Family Vacation Tragedy, Anxiety and Learning to Relax

BlogHer Original Post

I was walking up and down and up and down the aisles of Food Lion on the island yesterday. We had already done our big vacation food shopping trip, but I had stopped back in to find a few things we had forgotten: aluminum foil, hummus, crackers and Popsicles. You would think that year after year of shopping in the same grocery store on vacation would teach me where things are, but it hasn't and I found myself wandering kind of aimlessly.

Suddenly, a voice came over the intercom.

"DJ, if you're in the store, your mom is looking for you."

I paused and looked. No child was wandering as aimlessly as I was in my aisle, so I continued on. And then the voice of a mother came across the store. "DJ! WHERE ARE YOU? COME UP HERE NOW!" Her voice wasn't heavy with anger, but it was dripping with the fear any mother has felt when she loses sight of her child for a moment. My heart caught in my throat.

Eventually DJ was located and reunited with his very panicked mother who apparently abandoned her cart and returned to her vehicle; a vehicle with plates that were outside of state. They were also on vacation, and living through a horrific moment.

The truth is that tragedies happen on vacations. Sometimes they're minor. A close friend of mine lost her son briefly in Disney World in 2010. (Of note, if you saw a brunette stand on a garbage can and scream, "EVERYBODY STOP!," that was my lovely friend.) They found him almost immediately. Sometimes they're expensive. On our way home from vacation last year, the fuel pump on our truck decided it was done functioning... after business hours... on a weekend. We had to drop $800(+) for a new pump, money for a hotel room and were behind a full day getting home. Sometimes... they're beyond tragic. Last year, just a few miles up the beach from us, a man from our home state got caught in a rip tide. In 2006, Jen Satterwhite shared about Sammy's Spirit -- created when little Sammy fell through the rails at his hotel. Near me, some teens recently died on the last day of their mission trip in Costa Rica. Stories like this go on and on.

It's enough to make me want to hole up with my kids all summer and never leave the house. Except that we're super busy this summer and that's not really an option. And, you know, that's not really how I want to live my life and that's not how I want to teach my sons to live their lives.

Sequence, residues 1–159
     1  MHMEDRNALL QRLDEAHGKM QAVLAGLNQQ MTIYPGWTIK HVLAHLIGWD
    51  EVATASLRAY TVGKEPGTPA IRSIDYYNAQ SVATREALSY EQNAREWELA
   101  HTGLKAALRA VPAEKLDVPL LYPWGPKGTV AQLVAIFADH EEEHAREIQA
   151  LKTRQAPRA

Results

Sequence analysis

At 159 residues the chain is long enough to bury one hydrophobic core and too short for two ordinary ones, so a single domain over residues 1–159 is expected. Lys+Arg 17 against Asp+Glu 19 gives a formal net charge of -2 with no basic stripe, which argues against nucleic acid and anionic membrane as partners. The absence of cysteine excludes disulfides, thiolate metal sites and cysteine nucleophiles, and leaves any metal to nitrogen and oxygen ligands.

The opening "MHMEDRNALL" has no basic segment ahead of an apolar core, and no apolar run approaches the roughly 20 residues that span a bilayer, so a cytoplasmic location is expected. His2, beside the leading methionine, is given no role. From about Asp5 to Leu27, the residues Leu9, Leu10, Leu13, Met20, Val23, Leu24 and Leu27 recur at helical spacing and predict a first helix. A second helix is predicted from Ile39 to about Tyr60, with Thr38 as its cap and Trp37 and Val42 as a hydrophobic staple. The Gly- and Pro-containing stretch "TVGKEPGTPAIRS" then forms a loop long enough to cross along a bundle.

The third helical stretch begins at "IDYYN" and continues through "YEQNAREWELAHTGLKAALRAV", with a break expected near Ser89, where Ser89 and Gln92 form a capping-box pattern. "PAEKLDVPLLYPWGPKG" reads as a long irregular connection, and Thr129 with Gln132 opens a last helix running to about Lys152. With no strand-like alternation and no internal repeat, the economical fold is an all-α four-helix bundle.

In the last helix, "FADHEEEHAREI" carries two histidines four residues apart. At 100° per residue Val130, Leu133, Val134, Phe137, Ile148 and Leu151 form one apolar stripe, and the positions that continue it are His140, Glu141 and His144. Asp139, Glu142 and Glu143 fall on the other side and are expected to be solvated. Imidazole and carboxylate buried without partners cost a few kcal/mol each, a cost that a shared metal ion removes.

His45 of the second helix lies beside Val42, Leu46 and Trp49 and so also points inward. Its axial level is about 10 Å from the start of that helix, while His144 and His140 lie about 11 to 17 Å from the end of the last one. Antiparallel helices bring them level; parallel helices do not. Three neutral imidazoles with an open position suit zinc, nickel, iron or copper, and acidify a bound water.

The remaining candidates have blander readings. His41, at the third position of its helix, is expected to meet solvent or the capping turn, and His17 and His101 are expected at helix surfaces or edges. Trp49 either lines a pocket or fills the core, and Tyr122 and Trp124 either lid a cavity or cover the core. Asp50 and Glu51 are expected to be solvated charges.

So what's a mom to do?

BoardwalkI hate giving into fear, so being prepared is how I deal with things. I can't control other drivers, but I can make sure my tires are aired up and that we're alert while driving. (However, I can't press a magic button and know if something is going to break down on the way to or from. Bummer.) When I get to my location, I can check to make sure smoke detectors are installed as they should be, locate the fire extinguishers and figure out the best route for escape in case of fire. I can teach my children about strangers, tides, currents, heights, staying near mommy and daddy, and sunburn without scaring their pants off.

And I can relax. It is vacation after all. That's hard for me to do. Really, really hard. But I'm working on it. I really am. I may have hugged my boys really hard when I got back from the grocery, but then I went out on the deck, read a book in the sunshine and only told them to get back from the edge of the deck approximately 27 times.

How do you deal with vacation anxiety? Have you ever had something semi-awful happen on a trip? What are your tips for other parents on handling and/or preparing for/against vacation tragedies?

Family Section Editor Jenna Hatfield (@FireMom) blogs at Stop, Drop and Blog and The Chronicles of Munchkin Land.

Comments

In order to comment on BlogHer.com, you'll need to be logged in. You'll be given the option to log in or create an account when you publish your comment. If you do not log in or create an account, your comment will not be displayed.